When the males returned, exhausted from adventure, smelling of unwashedness, knees scraped and smiling, I felt a burst of love.  For my children of course.  But also for my husband, for taking my children away for the night and giving me the gift of alone-ness.

In nine years, I have spent five nights by myself.  Two of those were the nights I spent in the hospital after giving birth.  But I am not petty, I shall count them.  Nine years.  Five nights.  Even my five year-old can do the math on that one.

This year when my husband announced he was taking the boys camping, I had an initial burst of euphoria.  I made a conscious decision not to do anything.  I would spend the weekend simply chilling out.  I didn’t want to clean.  I didn’t want to cook for company or go out with friends.  I had some work I wanted to do on the blog.  There is the book.  There was art to hang.  I toyed with the idea of putting my wedding photos in an album, twelve years after the fact.  Sure, there were errands to run and food to be bought but I had nearly two whole days in which to do it.  Oodles and doodles of time.

IMG_4729But a funny thing happened on the way to alone-ness.  The idea of spending the weekend alone began to weigh on me.  It didn’t shine with the same magic and mystery as it had before.  When your children are little and there is someone tugging on you or hanging on you or trying to climb into you marsupial style, space and peace are all you can think about.  But I get a fair amount of space and peace these days.  Even with the cleaning and the laundry and the food shopping and the errand running, the school stuff and the day-to-day maintenance, there is time enough in there.  There’s time to sit and contemplate.  To have a coffee with a friend, to write, to read, to chill out on a park bench in the sun for five minutes before it’s time to move on.  That is only part of it though.  Another is that I am a little jealous.  As mom, I am the one who is reminding the kids to do their homework and put their clothes away and make their beds.  I am the one who is smelling their breath to make sure they used toothpaste and sniffing their feet to make sure they’ve chosen clean socks.  But Dad!  Dad is the one who is taking them camping and letting them make fire and roast marshmallows and bait fish hooks and whittle sticks with sharp knives.   While the everyday stuff, the bone structure,  is what keeps the family from collapsing in on itself,  it’s not what my children are likely to remember.  When they are sitting around in ten years waxing poetic about their childhood, do you think they are going to remember how Mom used to check their backpacks for homework or how Dad let them cook hot dogs on a stick?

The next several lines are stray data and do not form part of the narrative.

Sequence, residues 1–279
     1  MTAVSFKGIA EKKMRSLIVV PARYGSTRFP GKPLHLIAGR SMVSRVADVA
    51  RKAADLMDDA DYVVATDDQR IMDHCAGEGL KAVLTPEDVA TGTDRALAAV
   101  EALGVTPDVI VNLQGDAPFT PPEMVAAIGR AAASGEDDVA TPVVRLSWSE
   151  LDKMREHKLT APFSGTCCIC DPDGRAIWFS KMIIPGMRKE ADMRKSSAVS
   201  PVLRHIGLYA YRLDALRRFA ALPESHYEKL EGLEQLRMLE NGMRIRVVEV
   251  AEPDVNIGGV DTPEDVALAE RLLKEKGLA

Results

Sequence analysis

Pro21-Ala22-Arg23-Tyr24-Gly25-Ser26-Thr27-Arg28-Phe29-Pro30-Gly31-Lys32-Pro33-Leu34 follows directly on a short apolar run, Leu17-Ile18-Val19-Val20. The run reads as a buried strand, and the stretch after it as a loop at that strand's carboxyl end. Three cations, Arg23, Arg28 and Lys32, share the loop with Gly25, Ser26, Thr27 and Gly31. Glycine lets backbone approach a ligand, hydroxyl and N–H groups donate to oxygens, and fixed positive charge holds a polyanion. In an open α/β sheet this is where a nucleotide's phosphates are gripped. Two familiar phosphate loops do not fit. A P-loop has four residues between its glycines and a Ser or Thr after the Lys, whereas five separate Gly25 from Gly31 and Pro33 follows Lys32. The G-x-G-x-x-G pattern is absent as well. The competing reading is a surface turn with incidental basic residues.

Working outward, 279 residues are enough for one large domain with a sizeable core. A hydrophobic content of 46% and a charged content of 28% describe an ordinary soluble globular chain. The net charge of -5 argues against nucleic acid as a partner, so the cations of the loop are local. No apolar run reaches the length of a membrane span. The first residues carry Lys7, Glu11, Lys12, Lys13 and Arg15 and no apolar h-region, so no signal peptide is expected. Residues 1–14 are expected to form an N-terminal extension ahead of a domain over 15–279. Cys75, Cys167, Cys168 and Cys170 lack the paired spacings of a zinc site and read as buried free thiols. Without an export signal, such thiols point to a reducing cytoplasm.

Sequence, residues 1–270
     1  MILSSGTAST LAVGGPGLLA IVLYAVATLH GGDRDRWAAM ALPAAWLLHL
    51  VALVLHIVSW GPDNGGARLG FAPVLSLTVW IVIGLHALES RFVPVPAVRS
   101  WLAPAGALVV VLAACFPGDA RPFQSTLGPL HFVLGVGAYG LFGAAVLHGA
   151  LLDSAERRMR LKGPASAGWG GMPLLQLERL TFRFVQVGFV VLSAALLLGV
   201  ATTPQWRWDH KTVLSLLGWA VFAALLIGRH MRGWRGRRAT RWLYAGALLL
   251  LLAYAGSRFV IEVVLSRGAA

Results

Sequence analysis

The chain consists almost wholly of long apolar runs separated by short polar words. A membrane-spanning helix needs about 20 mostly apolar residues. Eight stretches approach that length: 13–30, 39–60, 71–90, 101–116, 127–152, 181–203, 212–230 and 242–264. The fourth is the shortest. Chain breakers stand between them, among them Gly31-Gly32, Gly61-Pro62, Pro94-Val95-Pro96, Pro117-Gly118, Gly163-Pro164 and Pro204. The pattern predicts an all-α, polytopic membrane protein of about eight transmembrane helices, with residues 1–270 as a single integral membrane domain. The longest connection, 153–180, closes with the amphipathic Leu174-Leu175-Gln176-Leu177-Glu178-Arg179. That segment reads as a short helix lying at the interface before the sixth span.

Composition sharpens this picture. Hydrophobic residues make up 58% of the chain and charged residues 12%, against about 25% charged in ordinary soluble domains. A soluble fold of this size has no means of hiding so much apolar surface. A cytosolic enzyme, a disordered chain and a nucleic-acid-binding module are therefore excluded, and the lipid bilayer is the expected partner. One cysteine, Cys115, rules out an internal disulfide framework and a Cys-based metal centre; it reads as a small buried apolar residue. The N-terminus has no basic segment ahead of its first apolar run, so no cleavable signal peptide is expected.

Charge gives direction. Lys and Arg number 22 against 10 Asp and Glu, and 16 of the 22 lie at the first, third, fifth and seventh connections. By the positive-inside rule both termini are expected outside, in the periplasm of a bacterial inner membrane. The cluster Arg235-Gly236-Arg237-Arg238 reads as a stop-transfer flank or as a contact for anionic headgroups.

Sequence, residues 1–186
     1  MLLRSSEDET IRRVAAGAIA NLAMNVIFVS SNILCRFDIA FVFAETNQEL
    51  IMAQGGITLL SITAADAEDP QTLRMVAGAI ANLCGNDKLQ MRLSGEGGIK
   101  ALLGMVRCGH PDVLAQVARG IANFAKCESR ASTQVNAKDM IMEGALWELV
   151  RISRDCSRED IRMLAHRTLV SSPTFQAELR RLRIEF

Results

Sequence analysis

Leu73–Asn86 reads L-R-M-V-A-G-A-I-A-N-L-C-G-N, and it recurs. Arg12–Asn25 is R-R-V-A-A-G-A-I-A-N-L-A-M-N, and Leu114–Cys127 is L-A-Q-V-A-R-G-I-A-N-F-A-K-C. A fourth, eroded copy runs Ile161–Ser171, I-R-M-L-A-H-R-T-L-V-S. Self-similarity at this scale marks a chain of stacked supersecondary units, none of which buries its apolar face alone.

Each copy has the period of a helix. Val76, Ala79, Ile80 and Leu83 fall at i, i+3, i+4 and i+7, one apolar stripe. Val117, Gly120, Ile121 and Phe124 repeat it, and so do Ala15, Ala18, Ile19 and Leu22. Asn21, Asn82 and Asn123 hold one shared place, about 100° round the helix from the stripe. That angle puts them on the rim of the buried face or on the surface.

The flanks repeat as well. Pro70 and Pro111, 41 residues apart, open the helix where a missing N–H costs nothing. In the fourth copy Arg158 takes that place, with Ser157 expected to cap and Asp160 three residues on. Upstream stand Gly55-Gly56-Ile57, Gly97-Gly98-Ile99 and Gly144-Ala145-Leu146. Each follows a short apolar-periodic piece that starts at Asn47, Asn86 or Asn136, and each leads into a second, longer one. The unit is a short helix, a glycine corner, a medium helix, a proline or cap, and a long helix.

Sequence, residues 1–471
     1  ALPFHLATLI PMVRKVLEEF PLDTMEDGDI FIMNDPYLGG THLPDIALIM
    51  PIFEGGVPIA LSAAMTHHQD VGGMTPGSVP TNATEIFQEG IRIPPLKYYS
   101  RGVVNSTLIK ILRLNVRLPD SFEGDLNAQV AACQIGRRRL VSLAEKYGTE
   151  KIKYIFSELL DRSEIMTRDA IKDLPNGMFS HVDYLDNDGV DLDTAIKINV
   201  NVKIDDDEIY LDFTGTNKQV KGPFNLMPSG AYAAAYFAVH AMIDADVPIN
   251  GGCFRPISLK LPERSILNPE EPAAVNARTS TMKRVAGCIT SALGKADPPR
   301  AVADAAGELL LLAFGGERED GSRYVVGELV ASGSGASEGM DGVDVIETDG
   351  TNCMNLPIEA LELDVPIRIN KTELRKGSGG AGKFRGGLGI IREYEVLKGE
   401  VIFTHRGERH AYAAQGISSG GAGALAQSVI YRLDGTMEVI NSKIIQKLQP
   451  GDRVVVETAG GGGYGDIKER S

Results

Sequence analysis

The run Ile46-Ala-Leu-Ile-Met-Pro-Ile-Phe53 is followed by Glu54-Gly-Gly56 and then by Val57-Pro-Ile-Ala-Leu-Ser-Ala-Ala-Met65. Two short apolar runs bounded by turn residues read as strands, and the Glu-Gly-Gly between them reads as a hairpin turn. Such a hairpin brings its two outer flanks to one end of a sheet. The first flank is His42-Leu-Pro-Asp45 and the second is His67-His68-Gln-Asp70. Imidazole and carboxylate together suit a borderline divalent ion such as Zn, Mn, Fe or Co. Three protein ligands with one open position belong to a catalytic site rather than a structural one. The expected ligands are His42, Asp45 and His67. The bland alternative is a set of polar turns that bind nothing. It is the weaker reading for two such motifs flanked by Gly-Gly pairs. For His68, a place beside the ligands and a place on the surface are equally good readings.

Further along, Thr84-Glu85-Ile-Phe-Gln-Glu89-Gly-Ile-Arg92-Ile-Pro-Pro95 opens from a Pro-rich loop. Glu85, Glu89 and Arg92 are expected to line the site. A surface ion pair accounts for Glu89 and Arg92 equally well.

Fire trumps clean socks every time.

This time they were a lot more excited than I was.  And I realized, as much as they all drive me batty, I was going to miss them.